Ever since the dawn of the information age, robots are perceived as metallic structures capable of doing things that humans cannot do. Science fiction played a big role in cementing this image of robots in the public’s imagination. However, this is all going to waste as the first Xenobots have been printed in a laboratory. Living robots, however, are nothing new to the scientific community. Efforts for merging biological and mechanical systems into one entity have been making rounds for some time now. It has been a long-standing goal of some researchers to create such a fusion of these systems which could benefit from the best of both worlds.
A team of scientists have used living frog cells, taken from their embryos, and manufactured them into new life-forms. These ‘Xenobots’ have multiple functions built into them. They can be programmed to go towards a designated target, carry loads to specific places, and even heal themselves if the need arises. The researchers in the team describe them neither as a distinct living being nor a full robot. The best way to describe these things would be as an artefact, a kind of programmable organism. As the scientists have suggested, these living robots could have serious implications for the medical sciences if it can be properly harnessed.
These Xenobots were designed on a supercomputer at the University of Vermont and then manufactured and tested at Tufts University. The biggest advantage that these Xenobots have is their ability to do things that other machines cannot do. One of the researchers suggests it can be used to seek and identify harmful compounds in the human body or to gather microplastics in oceans and even scrape out plaque from arteries.
The team has, for the first time in human history, designed a completely biological machine from the ground up. The team utilized an evolutionary algorithm running on a supercomputer cluster to come up with thousands of possible design candidates for the Xenobot. The algorithm worked in the same manner in which evolution does.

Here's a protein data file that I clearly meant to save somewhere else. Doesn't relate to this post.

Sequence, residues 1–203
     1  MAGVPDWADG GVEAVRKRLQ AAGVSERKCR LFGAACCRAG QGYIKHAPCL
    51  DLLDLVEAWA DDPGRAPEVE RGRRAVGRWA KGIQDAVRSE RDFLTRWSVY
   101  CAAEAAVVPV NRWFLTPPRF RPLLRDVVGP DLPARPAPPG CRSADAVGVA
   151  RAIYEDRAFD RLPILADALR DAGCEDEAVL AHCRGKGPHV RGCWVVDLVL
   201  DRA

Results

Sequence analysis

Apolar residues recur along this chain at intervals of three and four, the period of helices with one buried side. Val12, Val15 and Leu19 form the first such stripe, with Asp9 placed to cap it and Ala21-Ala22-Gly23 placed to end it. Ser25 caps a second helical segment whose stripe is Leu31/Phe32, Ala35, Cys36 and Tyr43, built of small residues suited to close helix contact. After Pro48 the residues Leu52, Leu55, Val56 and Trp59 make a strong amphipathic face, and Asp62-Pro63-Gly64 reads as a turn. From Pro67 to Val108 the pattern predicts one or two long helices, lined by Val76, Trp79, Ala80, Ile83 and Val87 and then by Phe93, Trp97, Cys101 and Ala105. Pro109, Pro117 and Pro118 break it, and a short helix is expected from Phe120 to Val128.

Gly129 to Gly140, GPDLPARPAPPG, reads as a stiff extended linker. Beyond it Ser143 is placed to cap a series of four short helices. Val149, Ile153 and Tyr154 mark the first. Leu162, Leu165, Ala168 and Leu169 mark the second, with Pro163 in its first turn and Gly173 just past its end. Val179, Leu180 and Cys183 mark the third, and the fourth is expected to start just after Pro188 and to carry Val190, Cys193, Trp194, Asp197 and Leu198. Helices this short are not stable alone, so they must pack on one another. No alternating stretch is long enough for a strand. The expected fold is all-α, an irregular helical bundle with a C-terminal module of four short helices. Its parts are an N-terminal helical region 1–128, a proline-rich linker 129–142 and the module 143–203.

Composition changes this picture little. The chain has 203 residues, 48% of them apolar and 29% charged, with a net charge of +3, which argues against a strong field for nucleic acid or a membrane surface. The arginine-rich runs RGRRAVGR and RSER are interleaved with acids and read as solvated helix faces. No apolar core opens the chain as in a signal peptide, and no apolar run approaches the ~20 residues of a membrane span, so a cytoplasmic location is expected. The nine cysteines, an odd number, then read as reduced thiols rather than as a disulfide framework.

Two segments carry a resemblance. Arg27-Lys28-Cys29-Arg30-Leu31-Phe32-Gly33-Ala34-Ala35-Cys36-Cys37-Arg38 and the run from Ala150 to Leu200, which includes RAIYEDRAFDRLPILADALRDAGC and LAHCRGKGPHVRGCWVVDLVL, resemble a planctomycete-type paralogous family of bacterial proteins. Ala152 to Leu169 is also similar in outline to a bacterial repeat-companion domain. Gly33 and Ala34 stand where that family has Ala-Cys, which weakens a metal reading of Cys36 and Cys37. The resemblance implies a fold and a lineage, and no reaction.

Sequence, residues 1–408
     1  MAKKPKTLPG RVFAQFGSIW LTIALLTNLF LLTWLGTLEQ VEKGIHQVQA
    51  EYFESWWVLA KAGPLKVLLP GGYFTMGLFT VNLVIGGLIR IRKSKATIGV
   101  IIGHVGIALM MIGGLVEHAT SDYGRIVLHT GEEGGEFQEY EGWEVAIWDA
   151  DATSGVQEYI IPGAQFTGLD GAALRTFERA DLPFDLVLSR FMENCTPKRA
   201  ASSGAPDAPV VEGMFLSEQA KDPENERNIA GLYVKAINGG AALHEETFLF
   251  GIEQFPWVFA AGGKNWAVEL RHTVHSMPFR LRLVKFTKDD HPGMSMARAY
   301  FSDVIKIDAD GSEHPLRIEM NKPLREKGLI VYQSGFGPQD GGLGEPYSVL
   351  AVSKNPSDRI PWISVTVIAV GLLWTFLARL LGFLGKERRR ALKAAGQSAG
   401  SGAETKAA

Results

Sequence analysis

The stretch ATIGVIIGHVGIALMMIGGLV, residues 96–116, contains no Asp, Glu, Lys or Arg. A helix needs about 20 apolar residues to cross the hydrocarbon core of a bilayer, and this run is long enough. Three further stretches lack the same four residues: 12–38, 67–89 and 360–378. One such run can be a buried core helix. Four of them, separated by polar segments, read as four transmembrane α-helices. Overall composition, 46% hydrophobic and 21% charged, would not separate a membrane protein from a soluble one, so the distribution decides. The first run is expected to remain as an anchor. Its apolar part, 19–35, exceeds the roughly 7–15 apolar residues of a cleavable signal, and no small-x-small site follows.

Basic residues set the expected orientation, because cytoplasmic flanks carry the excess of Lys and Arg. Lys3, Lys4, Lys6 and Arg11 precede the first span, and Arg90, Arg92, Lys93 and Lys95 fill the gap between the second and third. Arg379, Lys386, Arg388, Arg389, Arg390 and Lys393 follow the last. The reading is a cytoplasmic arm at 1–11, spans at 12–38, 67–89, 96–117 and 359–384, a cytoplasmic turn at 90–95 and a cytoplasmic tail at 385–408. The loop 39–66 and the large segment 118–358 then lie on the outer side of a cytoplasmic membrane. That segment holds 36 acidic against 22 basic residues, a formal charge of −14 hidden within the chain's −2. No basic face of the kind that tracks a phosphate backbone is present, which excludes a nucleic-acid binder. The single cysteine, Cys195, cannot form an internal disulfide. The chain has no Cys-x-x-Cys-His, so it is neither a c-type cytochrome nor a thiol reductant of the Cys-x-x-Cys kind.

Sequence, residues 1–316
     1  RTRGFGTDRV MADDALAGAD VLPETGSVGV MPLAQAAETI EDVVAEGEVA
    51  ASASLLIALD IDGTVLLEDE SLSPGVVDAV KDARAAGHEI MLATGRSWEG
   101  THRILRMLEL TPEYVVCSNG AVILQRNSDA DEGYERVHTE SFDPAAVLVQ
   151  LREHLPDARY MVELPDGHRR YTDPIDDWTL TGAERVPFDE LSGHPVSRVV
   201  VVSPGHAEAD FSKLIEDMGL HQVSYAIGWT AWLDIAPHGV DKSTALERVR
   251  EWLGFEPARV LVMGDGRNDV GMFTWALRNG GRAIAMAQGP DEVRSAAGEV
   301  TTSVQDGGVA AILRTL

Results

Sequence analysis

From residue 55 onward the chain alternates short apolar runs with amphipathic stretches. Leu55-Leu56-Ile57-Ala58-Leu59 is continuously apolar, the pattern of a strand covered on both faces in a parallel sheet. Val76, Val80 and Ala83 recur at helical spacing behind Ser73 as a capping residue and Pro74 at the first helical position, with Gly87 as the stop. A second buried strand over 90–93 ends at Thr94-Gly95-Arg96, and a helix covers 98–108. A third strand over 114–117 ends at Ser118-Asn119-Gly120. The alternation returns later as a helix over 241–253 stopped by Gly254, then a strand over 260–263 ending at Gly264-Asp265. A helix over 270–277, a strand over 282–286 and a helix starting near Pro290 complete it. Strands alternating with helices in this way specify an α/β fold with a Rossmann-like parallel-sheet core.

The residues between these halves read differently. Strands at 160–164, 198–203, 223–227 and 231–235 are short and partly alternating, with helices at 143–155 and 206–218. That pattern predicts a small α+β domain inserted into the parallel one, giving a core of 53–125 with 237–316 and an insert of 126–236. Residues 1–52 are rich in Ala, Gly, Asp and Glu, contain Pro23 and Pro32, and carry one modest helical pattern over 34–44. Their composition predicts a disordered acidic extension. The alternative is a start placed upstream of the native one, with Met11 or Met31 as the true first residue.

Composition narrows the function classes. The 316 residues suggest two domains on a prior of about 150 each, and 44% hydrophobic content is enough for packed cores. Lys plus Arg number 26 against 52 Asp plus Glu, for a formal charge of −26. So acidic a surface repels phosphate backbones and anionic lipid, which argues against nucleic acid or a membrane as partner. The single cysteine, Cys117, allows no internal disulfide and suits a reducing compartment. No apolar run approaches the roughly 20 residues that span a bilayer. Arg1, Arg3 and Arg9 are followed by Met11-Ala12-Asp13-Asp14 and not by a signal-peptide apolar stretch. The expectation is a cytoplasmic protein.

It constantly tried out different configurations for the cells; then, it would evaluate the design’s performance based on certain parameters such as locomotion. The designs were made by keeping in mind the physical restraints of the frog cells. When the designs were evaluated, poor performing designs were simply tossed out, whereas better performing designs were kept and refined further. This iterative process continued until there were only a few designs left. The assembly of the cells was done by hand at Tufts University.
Although these Xenobots are of a design never seen in nature, they perform their tasks very well. The different types of cells in the Xenobots can perfectly work together to accomplish tasks such as locomotion etc. The possibilities are limitless with these Xenobots. With the problem of microplastics growing day by day, researchers think that this might be one of the most effective ways of fighting such problems.
As the Xenobots are enhanced even further, we can expect to see better performance from these tiny living robots. With such a wide scope of application, Xenobots are certainly a topic of interest for everyone.